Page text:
Every time you start Terminal or a new tab in Terminal, you begin a bash shell session. You can set some commands to run every time you start a bash session. Typical use cases include setting some aliases (e.g.
git status), environment variables, and running other bash scripts. The place to put these initial bash commands is usually in
~/.bash_profile. Start by checking those files to see if you have any reference to the file
/etc/profile.d/rvm.sh. Also, check whether said file actually exists on your machine. If it doesn't, you can probably safely delete the corresponding line from your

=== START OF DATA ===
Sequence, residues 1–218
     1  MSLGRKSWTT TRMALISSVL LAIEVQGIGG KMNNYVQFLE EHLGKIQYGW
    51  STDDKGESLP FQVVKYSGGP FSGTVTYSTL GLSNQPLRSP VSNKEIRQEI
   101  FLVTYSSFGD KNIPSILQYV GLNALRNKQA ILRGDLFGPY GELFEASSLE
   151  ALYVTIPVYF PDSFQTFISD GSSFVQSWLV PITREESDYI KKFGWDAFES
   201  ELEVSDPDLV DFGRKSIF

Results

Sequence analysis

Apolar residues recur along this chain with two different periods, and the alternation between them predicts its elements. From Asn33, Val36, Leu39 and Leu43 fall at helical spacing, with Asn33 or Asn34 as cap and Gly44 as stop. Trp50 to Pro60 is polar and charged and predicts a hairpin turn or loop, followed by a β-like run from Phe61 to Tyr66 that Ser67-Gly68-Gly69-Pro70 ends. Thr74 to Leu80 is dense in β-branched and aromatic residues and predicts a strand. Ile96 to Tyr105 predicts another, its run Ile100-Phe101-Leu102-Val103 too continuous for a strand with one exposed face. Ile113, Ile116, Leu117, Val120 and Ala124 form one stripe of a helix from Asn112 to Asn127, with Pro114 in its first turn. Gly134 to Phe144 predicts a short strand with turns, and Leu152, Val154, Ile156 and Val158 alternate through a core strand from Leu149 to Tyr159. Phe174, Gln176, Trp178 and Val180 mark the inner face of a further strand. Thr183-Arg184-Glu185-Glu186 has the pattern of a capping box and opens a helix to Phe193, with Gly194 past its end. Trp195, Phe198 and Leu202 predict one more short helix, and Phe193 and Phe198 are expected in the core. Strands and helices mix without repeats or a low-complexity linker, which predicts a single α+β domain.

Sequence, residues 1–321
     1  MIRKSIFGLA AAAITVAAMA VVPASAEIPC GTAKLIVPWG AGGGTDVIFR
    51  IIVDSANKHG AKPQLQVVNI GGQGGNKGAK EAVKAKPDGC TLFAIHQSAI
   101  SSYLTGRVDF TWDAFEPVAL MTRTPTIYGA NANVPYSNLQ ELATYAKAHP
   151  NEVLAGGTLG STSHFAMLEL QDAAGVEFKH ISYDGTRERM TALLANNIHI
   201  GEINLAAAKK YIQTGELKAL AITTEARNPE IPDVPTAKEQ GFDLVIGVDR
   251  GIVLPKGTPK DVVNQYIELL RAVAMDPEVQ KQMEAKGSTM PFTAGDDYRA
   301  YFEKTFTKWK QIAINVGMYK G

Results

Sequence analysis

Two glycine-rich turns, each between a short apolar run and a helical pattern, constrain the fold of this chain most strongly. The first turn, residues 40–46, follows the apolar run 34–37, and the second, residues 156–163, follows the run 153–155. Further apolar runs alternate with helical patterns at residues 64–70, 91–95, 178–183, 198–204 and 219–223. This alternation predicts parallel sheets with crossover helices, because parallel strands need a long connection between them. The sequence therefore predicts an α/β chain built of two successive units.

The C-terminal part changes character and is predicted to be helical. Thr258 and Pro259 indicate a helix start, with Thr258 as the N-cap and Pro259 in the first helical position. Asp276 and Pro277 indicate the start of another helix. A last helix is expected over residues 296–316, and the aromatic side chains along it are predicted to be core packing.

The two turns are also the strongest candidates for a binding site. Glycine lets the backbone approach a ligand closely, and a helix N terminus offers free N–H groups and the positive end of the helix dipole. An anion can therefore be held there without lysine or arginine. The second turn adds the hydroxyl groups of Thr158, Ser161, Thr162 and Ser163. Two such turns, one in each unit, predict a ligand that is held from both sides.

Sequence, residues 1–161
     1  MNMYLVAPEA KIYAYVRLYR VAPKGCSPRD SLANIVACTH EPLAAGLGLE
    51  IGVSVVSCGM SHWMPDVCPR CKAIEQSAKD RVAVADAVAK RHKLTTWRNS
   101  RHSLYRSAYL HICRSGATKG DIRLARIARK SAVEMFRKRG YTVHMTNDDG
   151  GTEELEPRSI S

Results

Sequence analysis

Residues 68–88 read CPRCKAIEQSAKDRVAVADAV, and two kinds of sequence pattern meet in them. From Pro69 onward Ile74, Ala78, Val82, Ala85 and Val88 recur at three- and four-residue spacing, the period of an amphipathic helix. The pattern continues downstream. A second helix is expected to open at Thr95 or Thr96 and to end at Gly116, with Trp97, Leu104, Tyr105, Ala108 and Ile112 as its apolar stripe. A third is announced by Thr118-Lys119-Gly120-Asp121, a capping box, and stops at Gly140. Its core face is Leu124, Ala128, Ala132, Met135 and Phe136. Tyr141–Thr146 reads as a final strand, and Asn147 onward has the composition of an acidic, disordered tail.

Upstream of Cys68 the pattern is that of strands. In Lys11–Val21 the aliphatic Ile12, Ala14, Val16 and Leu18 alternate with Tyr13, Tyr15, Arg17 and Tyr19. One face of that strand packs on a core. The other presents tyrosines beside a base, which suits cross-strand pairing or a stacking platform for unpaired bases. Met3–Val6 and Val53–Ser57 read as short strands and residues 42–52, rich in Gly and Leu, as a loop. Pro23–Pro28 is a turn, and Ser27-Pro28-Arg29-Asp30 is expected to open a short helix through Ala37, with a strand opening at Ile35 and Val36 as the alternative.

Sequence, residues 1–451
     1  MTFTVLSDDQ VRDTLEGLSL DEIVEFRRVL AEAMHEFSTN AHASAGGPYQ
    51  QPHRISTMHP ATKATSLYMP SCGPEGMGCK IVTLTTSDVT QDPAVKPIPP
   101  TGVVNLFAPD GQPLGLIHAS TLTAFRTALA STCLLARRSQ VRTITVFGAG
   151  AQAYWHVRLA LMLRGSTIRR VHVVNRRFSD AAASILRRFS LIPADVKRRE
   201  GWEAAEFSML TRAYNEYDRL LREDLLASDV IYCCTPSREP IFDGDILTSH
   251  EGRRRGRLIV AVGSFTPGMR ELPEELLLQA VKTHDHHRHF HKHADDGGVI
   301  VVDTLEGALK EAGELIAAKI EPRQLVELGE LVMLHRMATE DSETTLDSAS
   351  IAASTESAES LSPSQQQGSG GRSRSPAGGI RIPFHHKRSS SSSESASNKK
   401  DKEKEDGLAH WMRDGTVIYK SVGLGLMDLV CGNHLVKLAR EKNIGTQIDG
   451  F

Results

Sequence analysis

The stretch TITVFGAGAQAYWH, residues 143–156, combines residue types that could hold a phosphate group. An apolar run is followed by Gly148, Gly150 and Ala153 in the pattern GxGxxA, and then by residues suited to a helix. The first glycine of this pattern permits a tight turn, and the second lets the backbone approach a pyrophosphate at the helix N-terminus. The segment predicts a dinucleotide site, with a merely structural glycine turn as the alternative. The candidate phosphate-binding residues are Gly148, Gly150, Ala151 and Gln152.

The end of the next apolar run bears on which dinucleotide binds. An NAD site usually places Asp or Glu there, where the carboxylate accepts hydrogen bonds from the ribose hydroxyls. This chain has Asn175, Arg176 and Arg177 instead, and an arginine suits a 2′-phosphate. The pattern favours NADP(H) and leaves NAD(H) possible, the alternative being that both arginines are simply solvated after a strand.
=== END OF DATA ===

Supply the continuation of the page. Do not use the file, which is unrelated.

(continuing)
bash_profile. If it does exist, there's something else funny going on which you'll have to debug.
Also note, the way RVM works, it requires you to run a certain script every time. If you have RVM and plan on using it, does it work? If not, you might need to find where the appropriate RVM script lives on your machine and add something to your
bash_profile that runs the script. Normally when you install RVM it tells you what command to add and where. For example by
~/.bashrc file includes the following command:
[[ -s "/Users/amitgupta/.rvm/scripts/rvm" ]] && source "/Users/amitgupta/.rvm/scripts/rvm"
which checks that the
rvm script exists, is a non-empty file, and then runs it.